Era: Database service: This service provides provisioning, patching, “Time-Machine” (this is a snapshot-based system allowing a user to rewind the DB to any point in time) and database migrations at a single click. These support Oracle, MySQL, MariaDB, Microsoft SQL, just to name a few, but now adding support for SAP HANA, Meditech Expanse and Epic. This is worth mentioning simply because these last three are major for the industry, the support and approval for these databases is not just given out.

Files: NAS file service: Though this service has been around for a little while now, there are many long-awaited features. This service is important because it’s software-defined files, not just a simple NAS. This is API driven like all Nutanix systems and can work with VMware and AHV. This, like many others, is a one-click service offering deployment, monitoring, upgrades, etc. all from Prism. It’s a fully-scalable architecture offering, up and out expansion, but most importantly will give recommendations on how you scale (up, out, rebalance). Being software based will deliver data about your data, due to the analytic engine built around this file system, understand how your data is being access and by who and create policy-based management and security all governed with easy to read UI.

FLOW: Software defined networking: I say software-defined networking, but really what Nutanix did was take a look at the major functionality that users desire and simply offer that. Microsegmentation is the focus of this product and though it isn’t new, there are new functions. There is now Palo Alto integration for deep packet inspection, where previously this was something you would only see from VMware’s NSX. They now also have active directory integration — a feature which adds great security functionality. This provides a simple solution all wrapped up with a pretty bow. The UI is very intuitive and someone with limited networking experience and set up basic rules in a few minutes.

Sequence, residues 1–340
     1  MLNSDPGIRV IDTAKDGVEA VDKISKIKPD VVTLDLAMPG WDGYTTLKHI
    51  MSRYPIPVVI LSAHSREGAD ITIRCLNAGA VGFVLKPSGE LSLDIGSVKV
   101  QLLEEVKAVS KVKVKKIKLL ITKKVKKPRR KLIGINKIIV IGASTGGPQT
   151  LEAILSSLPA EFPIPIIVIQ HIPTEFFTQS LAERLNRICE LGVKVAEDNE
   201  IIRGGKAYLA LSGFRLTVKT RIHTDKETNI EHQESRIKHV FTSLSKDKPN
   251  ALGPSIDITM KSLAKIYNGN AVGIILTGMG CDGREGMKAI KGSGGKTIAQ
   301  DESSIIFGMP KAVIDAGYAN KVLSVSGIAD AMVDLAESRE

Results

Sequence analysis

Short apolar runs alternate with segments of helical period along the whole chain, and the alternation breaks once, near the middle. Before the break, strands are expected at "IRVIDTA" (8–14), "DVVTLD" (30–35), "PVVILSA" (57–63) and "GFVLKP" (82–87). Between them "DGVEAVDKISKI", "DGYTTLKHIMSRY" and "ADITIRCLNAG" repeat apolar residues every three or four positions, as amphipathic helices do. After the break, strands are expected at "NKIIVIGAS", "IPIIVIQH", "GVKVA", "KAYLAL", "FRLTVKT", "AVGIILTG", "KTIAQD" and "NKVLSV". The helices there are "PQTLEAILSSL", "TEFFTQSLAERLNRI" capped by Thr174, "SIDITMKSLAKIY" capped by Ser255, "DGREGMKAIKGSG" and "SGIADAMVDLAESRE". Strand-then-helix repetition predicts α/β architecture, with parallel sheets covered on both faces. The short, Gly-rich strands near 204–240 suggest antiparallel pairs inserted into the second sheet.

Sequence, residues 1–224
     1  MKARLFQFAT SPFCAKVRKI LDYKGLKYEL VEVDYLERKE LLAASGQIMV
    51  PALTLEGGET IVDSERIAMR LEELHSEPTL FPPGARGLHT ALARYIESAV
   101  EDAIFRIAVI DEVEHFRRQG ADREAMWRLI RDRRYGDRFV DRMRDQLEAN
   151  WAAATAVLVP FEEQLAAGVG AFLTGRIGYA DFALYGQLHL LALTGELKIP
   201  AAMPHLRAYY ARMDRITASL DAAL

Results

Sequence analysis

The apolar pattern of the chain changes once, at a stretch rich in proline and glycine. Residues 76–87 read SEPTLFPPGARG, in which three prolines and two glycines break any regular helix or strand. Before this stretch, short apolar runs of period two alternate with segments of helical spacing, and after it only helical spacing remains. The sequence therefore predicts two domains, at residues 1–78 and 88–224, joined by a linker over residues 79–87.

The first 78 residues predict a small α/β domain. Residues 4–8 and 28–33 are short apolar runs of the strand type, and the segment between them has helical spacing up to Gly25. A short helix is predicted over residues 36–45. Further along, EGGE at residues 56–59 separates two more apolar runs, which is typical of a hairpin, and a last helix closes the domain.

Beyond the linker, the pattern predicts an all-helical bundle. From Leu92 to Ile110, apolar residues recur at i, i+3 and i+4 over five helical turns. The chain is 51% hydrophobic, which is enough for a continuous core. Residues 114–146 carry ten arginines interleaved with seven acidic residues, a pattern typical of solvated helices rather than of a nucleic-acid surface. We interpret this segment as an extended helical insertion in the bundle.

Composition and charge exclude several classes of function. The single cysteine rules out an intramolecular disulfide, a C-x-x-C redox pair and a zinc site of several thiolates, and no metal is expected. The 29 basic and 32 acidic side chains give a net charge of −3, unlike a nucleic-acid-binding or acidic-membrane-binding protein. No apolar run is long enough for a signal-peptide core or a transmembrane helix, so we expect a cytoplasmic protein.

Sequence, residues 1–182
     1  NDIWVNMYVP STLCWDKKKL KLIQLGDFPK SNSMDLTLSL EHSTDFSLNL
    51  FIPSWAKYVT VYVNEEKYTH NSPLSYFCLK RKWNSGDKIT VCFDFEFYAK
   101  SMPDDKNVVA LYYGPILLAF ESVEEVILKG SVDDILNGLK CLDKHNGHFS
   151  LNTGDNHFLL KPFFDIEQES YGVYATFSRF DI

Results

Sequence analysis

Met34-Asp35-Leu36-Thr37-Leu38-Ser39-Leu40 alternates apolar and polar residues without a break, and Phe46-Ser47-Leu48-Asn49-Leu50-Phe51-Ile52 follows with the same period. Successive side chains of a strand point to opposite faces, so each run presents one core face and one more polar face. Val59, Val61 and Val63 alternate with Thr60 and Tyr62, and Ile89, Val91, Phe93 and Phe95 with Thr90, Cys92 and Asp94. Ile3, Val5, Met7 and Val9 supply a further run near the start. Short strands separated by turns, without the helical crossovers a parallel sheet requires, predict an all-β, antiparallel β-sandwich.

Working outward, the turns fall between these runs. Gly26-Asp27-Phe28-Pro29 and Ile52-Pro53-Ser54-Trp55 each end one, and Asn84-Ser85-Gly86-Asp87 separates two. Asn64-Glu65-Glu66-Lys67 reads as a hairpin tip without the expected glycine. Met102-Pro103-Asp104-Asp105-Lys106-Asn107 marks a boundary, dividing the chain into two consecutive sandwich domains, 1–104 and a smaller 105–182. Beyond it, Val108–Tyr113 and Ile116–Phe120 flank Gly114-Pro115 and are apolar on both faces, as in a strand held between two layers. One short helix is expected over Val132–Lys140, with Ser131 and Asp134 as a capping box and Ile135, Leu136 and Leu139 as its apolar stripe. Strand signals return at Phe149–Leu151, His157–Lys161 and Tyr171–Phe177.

In summary, I’m still running high on my Nutanix buzz. I spoke with many partners and customers who are also left with a new vigor towards the platform. I can see their push for people looking at it as a platform and not a single solution is justified. Plus, the hyper-convergence of clouds might actually become a real thing without tons of tool overlay.

Separately, I loved the “.heart” initiative, Nutanix’s corporate social responsibility effort. One of my biggest issues with conferences is the wasted food, since so much is cooked but so few people attend the meal sessions. .heart organized the donation of excess food to local charities where it was provided to those who needed it most.

What You Missed at Nutanix .NEXT: Invisibility is Nutanix’s New Superpower

Michael Colonno, AVP, Solutions Architects, CDI

Michael Colonno, AVP, Solutions Architects, is an information technology expert focused on data center and cloud solutions. In his current role, Michael is responsible for providing technical guidance to CDI’s customers, collaborating with account managers, other architects, vendors, and implementation engineers to develop and recommend business continuity and workflow strategies. He excels at providing an architectural perspective based on the industry’s best practices, while acting as a knowledgeable consultant for customers and other CDI team members. Michael is highly-trained in today’s leading technologies with certifications including a double VCP in server and NSX, CCNP data center, and holds many other product specific certifications for design as well as implementation. He holds a BA in Industrial Organizational Psychology from Fairleigh Dickinson University and in his spare time enjoys weightlifting and spending time with his wife and young son, Jackson.